Alcohol and pregnancy

Alcohol consumption among women of childbearing age in the United States is a public health issue. When a woman drinks during her pregnancy she increases the risk of harming her unborn baby as well as her own body.

According to the National Institute on Alcohol Abuse and Alcoholism, any amount of drinking is considered at-risk alcohol use during pregnancy. In consensus with this recommendation, the U.S. Surgeon General advises that pregnant women should not drink any alcohol while they are pregnant. Excessive alcohol consumption is a risk factor for miscarriage due to damage to the developing cells of the baby.
Read further from DrugAbuse.com

Pregnant Pause 2017

Pregnant Pause TVC 2017 (30s) from FAREAustralia on Vimeo.

Join the community, announce your alcohol free status and give a virtual high five to all the mums-to-be out there

Join the community and show your support for healthier babies to born in Australia. We want to consign alcohol during pregnancy to the same rubbish heap as smoking on aircraft, driving without a seatbelt on, or frolicking under a sprinkler in the backyard. Actually we miss sprinklers. Let’s hang on to that one, but the others can go.
Learn more from http://pregnantpause.org.au/ (Australia, July 2017)

Supporting pregnant women who use alcohol or other drugs: Barriers to care

Supporting pregnant women who use alcohol or other drugs: Barriers to care from NDARC on Vimeo.

Supporting pregnant women who use alcohol or other drugs – A Guide for Primary Health Care Professionals, is an evidence-based resource developed by the National Drug and Alcohol Research Centre (Australia). You can download the document on the NDARC website – ndarc.med.unsw.edu.au/resource/supporting-pregnant-women-who-use-alcohol-or-other-drugs-guide-primary-health-care
The resource provides an overview of how to identify women who use alcohol or other drugs and support them with the treatment they may require.

The Worst Countries For Drinking During Pregnancy

Europe is the worst region in the world for alcohol consumption rates during pregnancy. A study by The Lancet linking drinking rates during pregnancy to rates of foetal alcohol syndrome found that nine of the world’s ten worst countries are in Europe. Ireland came first by a considerable distance with an estimated 60 percent of mothers drinking alcohol during pregnancy.

Infographic from Forbes and Statista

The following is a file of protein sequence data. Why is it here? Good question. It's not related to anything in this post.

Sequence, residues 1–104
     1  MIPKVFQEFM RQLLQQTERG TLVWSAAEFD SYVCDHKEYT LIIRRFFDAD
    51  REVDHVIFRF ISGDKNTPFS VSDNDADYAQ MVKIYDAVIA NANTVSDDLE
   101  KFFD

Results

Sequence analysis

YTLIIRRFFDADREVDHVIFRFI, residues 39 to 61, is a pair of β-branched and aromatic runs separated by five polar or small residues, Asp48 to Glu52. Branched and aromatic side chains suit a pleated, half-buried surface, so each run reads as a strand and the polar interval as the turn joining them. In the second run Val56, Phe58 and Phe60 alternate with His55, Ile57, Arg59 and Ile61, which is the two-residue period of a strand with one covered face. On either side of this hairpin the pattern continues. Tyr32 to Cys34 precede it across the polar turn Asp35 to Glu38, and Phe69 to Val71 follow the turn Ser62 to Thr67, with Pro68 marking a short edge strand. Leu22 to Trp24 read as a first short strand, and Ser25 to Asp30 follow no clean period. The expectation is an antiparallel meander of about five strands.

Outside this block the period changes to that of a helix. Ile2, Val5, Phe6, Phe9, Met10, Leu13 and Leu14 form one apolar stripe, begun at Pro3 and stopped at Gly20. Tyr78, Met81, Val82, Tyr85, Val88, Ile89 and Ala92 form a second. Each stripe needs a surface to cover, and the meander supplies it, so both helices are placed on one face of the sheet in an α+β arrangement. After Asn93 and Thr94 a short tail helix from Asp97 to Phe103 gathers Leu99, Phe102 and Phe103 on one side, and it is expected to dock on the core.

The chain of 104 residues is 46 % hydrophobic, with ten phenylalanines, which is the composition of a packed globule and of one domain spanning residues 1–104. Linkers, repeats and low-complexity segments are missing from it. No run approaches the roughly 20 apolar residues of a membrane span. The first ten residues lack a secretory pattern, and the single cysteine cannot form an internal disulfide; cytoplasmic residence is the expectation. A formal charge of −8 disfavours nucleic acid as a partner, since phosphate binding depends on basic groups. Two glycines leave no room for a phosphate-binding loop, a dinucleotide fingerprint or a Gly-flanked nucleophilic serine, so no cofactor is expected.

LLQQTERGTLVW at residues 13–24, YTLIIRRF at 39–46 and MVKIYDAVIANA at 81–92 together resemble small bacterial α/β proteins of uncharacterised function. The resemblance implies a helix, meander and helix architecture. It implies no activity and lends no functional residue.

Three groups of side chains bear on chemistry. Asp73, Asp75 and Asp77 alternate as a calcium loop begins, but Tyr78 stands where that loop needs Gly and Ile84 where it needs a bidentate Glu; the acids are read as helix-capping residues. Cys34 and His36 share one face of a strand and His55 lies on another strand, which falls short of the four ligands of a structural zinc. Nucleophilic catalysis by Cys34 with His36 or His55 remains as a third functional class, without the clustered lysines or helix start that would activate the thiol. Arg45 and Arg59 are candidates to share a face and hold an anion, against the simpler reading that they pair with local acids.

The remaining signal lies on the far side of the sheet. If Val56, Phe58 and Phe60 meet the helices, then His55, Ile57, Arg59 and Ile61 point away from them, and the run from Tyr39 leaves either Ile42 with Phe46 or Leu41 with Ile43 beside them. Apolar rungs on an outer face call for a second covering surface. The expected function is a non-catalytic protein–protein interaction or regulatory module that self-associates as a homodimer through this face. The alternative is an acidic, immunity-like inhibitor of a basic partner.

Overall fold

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Is it worth it?

Texas Office for the Prevention of Developmental Disabilities (TOPDD) is an organization that mobilizes the state to collaborate on key issues around developmental disabilities, including the following:
Addressing the root causes of the most prevalent preventable disabilities.
Reducing the impact of disabilities for children through interventions and services.
Read more about FASD from TOPDD

FASD from Tika Cook on Vimeo.

The Fetal Alcohol Spectrum Disorders (FASD) Toolkit

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The Fetal Alcohol Spectrum Disorders (FASD) Toolkit was developed to raise awareness, promote surveillance and screening, and ensure that all affected children receive appropriate and timely interventions.
By American Academy of Pediatrics
FASD Toolkit
“April is Alcohol Awareness Month, an opportunity to focus on alcohol misuse and effects. The AAP Fetal Alcohol Spectrum Disorders (FASD) Program, under a cooperative agreement with the Centers for Disease Control and Prevention, supports the campaign through awareness-building and development of educational resources for pediatricians.”


FASD Webinars

School to Prison Pipeline

As many as 1 in 20 U.S. school children may have a fetal alcohol spectrum disorder. FASD is a prenatal brain injury that can make school difficult. Without the proper interventions, some students are at a higher risk for getting into trouble with the law. Want to know one way to disrupt the school to prison pipeline? RECOGNIZE FASD. Find out more at MOFAS.ORG

MOFAS: School to Prison Pipeline PSA from Shannon Hunter on Vimeo.

What You Should Know About Fetal Alcohol Syndrome


Fetal Alcohol Syndrome (FAS) is the group of signs and symptoms that appear as birth defects as a result of a woman’suse of alcohol during her pregnancy. FAS is the only major cause of birth defects that is 100% preventable.
Every year 12,000 babies are born with FAS in the US. 60,000 are born with some kind of alcohol-related abnormalities and developmental issues. Thus it is the number one cause of mental retardation in the United States.
FAS affects 1 in 100 infants in the US each year, which is more than Down syndrome, cystic fibrosis, spina bifida and sudden infant death syndrome (SIDS) combined. The lifetime cost per child with FAS can rise up to $2,000,000 and there is no cure.
Read more from GetTreatment.com (February 2017)
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